With her final exams behind her and her graduation looming, Kirsty Bennett bemoans the end of student life...
I will never forget the moment I stepped out of the last exam of my degree.
Given, it was only about two months ago, but it will stay with me for years to come - and for all the wrong reasons.
The afternoon started well enough, texting everyone I knew with 'woohoo' messages and setting off into the city with a friend in tow, on an uncommonly sunny afternoon.
I was going to have fun. The past three months slumped in front of a computer typing essays and memorising Shakespeare meant I wholly deserved it.
My friend and I engaged in suitably student activities. We went and had a two-for-one lunch and a £6 bottle of wine, before heading to the student mecca of H&M to spend money neither of us had on clothes we would never wear.
But it didn't feel quite right - I was behaving like a student, dressed like one, and drinking in the middle of the day like one. Yet there was a creeping feeling of anticlimax, and the pervading sense of being an imposter.
I was clinging to a world of mid-week parties and 11am lie-ins that was fast disappearing behind me.
This feeling wasn't entirely new of course, it had been slowly encroaching upon me since late February. I just had tried my best to ignore it. Yet, whenever I got chatting to freshers down the pub I found myself muttering phrases like 'don't know how lucky they are', 'best years of their lives' and 'if I could start all over again'.
Then in May I turned 22, and when I told people my age I noticed they asked 'What do you do?' as opposed to the altogether more familiar and less threatening 'So what do you study?'
For the past three years I have written on countless forms and informed countless people that my occupation was 'Student.' That one word was like a get out of jail free card, an excuse for why I wasn't really doing anything in particular, least of all paying tax.
I am at a loss now my comfortable label has left me. Now, on the final day of my undergraduate career I felt myself once and for all cross over to the unholy no-man's land of the 'Graduand'.
'Graduand' is the altogether horrible term for someone in between final exam and graduation ceremony.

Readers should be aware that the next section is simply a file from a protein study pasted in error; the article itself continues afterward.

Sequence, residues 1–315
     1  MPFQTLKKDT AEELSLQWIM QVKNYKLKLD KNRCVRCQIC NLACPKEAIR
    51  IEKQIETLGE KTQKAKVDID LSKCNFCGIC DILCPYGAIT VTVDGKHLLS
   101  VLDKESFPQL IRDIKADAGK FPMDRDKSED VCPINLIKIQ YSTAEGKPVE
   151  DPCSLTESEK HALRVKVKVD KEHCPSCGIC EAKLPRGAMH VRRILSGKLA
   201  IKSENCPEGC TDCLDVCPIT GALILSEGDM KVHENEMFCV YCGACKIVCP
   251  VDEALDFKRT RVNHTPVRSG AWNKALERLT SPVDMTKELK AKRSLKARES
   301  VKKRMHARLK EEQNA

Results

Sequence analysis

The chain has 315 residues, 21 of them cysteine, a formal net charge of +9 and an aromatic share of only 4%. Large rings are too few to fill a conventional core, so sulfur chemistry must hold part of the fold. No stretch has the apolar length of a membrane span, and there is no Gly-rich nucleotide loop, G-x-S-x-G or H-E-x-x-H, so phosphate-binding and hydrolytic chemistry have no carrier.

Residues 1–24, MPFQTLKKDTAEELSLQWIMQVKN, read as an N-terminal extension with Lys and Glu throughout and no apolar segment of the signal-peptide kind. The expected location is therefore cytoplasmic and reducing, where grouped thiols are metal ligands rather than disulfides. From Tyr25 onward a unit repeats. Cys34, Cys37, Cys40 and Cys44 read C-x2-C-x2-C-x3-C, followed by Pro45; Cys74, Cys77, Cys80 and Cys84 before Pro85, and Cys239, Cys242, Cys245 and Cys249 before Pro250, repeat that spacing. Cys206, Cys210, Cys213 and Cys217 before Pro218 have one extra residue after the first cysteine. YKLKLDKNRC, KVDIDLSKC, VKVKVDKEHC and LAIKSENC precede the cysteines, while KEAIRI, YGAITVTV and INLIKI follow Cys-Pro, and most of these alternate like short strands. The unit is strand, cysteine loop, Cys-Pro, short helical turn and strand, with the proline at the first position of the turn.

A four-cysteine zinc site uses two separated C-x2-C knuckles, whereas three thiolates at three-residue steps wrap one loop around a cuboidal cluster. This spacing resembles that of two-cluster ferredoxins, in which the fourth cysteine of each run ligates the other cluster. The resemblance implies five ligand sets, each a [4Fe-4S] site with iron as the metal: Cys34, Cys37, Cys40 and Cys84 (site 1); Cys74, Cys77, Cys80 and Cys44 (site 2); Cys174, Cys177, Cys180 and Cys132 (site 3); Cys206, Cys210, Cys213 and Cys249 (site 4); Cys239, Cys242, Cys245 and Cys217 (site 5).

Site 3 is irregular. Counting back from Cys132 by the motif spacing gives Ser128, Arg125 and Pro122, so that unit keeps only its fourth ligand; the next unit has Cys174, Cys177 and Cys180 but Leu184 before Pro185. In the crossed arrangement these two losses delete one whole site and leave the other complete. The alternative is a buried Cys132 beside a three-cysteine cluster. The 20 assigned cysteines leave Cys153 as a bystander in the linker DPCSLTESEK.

It is supposed to be a kind of safe house, an eight week period where one can legitimately do nothing, work through the remainder of the overdraft and drink turbo shandies in a desperate attempt to cling onto the student days. But it really doesn't work that way.
My friend and I were enjoying our £6 wine, when I suddenly remarked that, for the first time in three years, we had nothing to do.
It was terribly liberating and terribly frightening.
No essays to write, no books to read, no seminars or lectures to attend. We could go home and watch Australian soap operas. We could return to the sweaty hell of student nightclubs we visited in our first year, burn all our notes and stay in bed on a Sunday until 2pm.
The thing is, now I can do these things for my eight week grace period, they don't seem as appealing.
On the day before my essays were due a month previously I had spent three solid hours playing spider solitaire, adamant that I had to win five games in a row before I could start proof reading 3,000 words on disability theory, which meant this task was put off until about 4pm.
Now, those little electronic cards leave me cold.
I have also suddenly noted, after three years of denial, that Hollyoaks is complete piffle. Even my illusions of Neighbours has dulled after meeting Karl Kennedy on a singing tour of Walkabout pubs and finding him somewhat lacking in comparison to the medical superhuman that graces Erinsborough.
It is completely true that university leaves you ill-prepared from the real world beyond. For starters, when embarking on my first temp job since becoming a 'Graduand', I realised that I do not own any trousers that aren't made of denim, and my shoe collection is woefully limited to either scruffy trainers or ridiculously high party shoes that are only worn for about four hours at a time and definitely not made for stairs.
My first paycheck signalled a return to H&M, but instead of buying 'ironic' t-shirts and stupid earrings, I was in the smart-clothes-at-low-prices section buying budget office wear. It was terribly upsetting. I longed to circulate in the summer-clothing section, but retreated after stares from some first years who seemed uncannily aware that I was no longer one of them.
So for those first few week my fellow Graduands and I did what we could to hang on to the old ways. Like freshers once more, we could go out every night guiltfree, shop and socialise, but one by one we shut up shop and moved out of our student digs.
I have just a week left before D-day (or should that be G-day?) when I am no longer a student, a freeloader or a Graduand, but a fully fledged Graduate.
And oddly enough, I have started to feel rather positive about it. I may not be able to go out for student-only £1.50 vodkas on a Tuesday anymore, but those kind of nights always made Wednesdays something of a struggle.
I have also started to think that earning a salary might make a nice change. Maybe then I could upgrade to the £8 wine which bars actually put in the fridge before you drink it. The Holy Grail that is the £10 variety, that comes in its own ice bucket, will have to wait until I clear some debts, but in the meanwhile I shall be able to indulge in both my sensible office clothes and those of a summer variety.